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Old 09-19-2017   #26
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"The real camera company" (Manchester, England), usually takes any film out of the cameras that they sell, BUT, they sometimes sell joblots of these films for the curious to dev and print.

Usually You can never know what stories a camera has to tell, but if you get an exposed film in one it's a bit like the very first film of your own that you took to the lab to have processed: Will it come out alright? Will the pics be good, bad or indifferent? You have the added thing of What will the story be?
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Old 09-19-2017   #27
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The thrift shops all say they remove film from donated cameras, but they leave film in all the time. I've seen many cameras that I have no interest in with film in them, and sometimes good batteries too.

I think there are two classes of sources of donated cameras here in Oregon:

1. Old folks die or downsize to move into assisted living, and their old cameras are donated. These seem to be the cameras that have good batteries and film, or sometimes dead batteries and film. Sometimes this includes dark room equipment too.
2. Normal folks bought a digital camera, or just use their phones, and don't need either old digital cameras or old film cameras, so they get donated.

There are undoubtedly other classes of people who donate cameras too. There are also some surprising people who rummage through the donated cameras too. (No, I'm not the surprising type.) This summer at 13-14-year-old girl was very curious about a Pentax ME Super, so I showed her how it worked, and she took it off to ask her mom to buy it for her. I hope the answer was "Yes."

Scott
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Old 09-20-2017   #28
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I love finding mystery rolls (in or outside a camera) and I always have them developed. My most spectacular find was a roll of C-22 color film in a Kodak Stirling II folder of mid fifties vintage. Sent it to a specialized lab and got back b&w prints.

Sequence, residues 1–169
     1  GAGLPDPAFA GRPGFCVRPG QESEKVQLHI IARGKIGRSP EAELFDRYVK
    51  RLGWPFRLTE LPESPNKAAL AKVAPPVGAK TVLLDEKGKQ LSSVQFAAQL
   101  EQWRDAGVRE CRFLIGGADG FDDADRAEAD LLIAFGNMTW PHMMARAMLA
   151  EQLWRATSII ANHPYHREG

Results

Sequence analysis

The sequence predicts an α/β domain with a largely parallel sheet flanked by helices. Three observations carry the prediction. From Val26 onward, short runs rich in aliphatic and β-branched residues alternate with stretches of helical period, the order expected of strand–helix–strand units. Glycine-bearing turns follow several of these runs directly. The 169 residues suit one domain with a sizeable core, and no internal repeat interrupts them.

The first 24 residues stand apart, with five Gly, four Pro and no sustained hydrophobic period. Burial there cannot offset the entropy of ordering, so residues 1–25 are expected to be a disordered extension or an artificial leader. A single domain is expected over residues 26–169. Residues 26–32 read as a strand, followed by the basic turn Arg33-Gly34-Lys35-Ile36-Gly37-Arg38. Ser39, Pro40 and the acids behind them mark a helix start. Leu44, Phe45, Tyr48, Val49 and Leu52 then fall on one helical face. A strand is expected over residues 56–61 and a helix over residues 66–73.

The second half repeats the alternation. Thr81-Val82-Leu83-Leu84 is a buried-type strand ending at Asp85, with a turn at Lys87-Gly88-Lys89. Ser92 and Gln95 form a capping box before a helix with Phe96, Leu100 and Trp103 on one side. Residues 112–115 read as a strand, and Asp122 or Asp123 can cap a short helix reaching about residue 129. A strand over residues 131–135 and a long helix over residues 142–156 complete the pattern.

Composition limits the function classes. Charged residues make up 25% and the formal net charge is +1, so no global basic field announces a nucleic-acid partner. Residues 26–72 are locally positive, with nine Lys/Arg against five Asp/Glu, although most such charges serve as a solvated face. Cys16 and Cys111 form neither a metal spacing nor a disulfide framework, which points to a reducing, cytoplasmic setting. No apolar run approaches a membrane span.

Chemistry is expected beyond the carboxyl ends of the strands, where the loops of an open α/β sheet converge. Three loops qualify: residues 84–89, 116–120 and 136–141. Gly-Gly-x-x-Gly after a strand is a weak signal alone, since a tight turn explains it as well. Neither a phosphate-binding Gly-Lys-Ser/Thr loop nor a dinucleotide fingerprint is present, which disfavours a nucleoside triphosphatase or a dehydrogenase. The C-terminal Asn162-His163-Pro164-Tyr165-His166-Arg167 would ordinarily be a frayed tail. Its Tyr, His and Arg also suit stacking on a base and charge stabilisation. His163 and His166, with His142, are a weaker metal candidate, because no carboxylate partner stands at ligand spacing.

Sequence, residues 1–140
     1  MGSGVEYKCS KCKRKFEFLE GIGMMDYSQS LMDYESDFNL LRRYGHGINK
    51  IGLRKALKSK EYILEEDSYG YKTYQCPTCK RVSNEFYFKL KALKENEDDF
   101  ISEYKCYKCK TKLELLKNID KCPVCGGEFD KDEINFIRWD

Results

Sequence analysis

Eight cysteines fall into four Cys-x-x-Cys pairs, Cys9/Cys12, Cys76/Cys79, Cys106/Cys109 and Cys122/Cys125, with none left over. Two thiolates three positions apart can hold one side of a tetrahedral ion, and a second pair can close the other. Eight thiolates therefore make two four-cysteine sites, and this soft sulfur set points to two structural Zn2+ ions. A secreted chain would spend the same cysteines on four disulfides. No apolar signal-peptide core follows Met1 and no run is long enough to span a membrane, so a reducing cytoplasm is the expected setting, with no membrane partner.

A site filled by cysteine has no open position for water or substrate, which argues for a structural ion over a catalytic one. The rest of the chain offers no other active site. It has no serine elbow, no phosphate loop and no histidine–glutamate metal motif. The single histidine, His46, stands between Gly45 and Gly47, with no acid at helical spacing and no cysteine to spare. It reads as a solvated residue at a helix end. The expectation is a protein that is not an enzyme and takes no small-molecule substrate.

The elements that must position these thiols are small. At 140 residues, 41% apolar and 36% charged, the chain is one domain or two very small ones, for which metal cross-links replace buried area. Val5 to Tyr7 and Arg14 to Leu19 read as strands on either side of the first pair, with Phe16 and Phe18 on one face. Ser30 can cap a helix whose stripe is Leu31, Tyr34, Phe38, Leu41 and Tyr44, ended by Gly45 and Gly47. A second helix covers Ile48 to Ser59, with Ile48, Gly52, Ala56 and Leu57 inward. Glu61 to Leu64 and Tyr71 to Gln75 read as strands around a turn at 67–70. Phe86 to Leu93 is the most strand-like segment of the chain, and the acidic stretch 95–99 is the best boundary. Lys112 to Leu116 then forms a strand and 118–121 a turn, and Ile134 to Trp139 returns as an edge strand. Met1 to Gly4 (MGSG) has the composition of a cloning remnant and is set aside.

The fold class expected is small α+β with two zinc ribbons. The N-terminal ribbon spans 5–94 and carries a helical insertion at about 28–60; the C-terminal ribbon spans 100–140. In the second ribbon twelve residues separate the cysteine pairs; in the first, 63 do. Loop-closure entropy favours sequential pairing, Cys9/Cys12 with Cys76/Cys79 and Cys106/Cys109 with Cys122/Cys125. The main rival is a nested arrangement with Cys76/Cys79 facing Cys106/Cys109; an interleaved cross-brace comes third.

A little bit of Google taught me the pictures were most likely made in the summer 1963 in Italy. Below I embedded the best of the lot:


Mystery roll - Kodak Sterling II
by Ronald Hogenboom, on Flickr

Considering these pictures were made almost 55 years ago, and seeing the age of the subjects, it is extremely unlikely any of them is still with us. It also raises the question why the camera and film lay untouched for 51 years!
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Old 09-20-2017   #29
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Well not found in a camera but a bar! We went on a vac. to visit my aunt who was living in Nassau at the time. We used to spend our afternoon at this beach that had a nice little bar. After about our third day their the bartender had gotten to know us and said someone had left a roll of film and had never came back for it. He said enjoy someone else's vac also, and gave it to me. When we got home and developed the film we found two girls in there 20's had been to a topless beach and had spent too much time in the sun. When I opened the envelope with the prints both my wife and myself said at the same time "Nooooo!" we felt sorry for them and could understand why they left that roll of film behind.
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Old 09-20-2017   #30
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[quote=nikon_sam;2756021]Not film but a SD card in a camera..../QUOTE]

I had this happen recently. It was a cheap, low capacity card with nothing interesting on it.

Even if you open a camera with film in it, you may be able to salvage some of the early shots on the roll. I know from past experience you can still get usable negatives even with pushed Tri-X that was inadvertently exposed.
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Old 09-20-2017   #31
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I don't mind the old films in cameras but I do wish they'd throw the ones with a gruesome battery oozing yuk into the bin. I've picked up no end of cameras in mint condition externally but goo inside thanks to those morons.